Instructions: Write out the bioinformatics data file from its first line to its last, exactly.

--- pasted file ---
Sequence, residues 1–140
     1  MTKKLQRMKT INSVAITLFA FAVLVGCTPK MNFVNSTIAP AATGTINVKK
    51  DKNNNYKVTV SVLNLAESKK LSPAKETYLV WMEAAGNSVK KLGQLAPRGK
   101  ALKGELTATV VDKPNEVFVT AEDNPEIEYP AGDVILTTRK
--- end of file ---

Sequence, residues 1–140
     1  MTKKLQRMKT INSVAITLFA FAVLVGCTPK MNFVNSTIAP AATGTINVKK
    51  DKNNNYKVTV SVLNLAESKK LSPAKETYLV WMEAAGNSVK KLGQLAPRGK
   101  ALKGELTATV VDKPNEVFVT AEDNPEIEYP AGDVILTTRK